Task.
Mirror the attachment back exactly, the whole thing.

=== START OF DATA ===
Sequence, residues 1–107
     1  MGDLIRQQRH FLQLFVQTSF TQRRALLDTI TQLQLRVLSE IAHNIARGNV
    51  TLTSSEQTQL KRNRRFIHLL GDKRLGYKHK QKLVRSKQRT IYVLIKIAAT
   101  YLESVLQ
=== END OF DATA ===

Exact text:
Sequence, residues 1–107
     1  MGDLIRQQRH FLQLFVQTSF TQRRALLDTI TQLQLRVLSE IAHNIARGNV
    51  TLTSSEQTQL KRNRRFIHLL GDKRLGYKHK QKLVRSKQRT IYVLIKIAAT
   101  YLESVLQ